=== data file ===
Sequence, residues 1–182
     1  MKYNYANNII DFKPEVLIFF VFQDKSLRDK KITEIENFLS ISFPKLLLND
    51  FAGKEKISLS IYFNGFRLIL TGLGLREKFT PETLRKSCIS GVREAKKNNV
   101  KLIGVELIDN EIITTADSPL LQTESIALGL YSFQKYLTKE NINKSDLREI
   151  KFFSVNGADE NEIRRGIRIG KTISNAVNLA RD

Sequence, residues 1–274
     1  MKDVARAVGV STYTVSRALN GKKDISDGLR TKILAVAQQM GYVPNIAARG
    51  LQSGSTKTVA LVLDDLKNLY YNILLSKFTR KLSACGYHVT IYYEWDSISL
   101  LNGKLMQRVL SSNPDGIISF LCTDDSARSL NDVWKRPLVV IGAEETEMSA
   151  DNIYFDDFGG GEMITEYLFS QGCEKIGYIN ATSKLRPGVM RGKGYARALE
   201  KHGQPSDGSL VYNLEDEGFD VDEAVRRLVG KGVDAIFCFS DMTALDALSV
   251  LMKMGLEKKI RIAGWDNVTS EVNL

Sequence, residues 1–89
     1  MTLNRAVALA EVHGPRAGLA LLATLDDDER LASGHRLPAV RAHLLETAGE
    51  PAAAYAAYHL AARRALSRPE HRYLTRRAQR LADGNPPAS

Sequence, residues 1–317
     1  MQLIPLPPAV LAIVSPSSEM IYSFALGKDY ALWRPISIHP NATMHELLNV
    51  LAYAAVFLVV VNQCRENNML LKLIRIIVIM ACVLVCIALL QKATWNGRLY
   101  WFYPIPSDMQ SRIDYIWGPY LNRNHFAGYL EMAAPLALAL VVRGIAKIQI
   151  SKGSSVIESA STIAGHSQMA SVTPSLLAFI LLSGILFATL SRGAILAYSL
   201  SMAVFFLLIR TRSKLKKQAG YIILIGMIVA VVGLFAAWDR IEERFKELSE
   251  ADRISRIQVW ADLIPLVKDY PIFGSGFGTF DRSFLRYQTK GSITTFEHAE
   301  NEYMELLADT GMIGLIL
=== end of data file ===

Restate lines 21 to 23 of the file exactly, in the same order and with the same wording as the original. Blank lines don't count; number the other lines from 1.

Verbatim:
   201  SMAVFFLLIR TRSKLKKQAG YIILIGMIVA VVGLFAAWDR IEERFKELSE
   251  ADRISRIQVW ADLIPLVKDY PIFGSGFGTF DRSFLRYQTK GSITTFEHAE
   301  NEYMELLADT GMIGLIL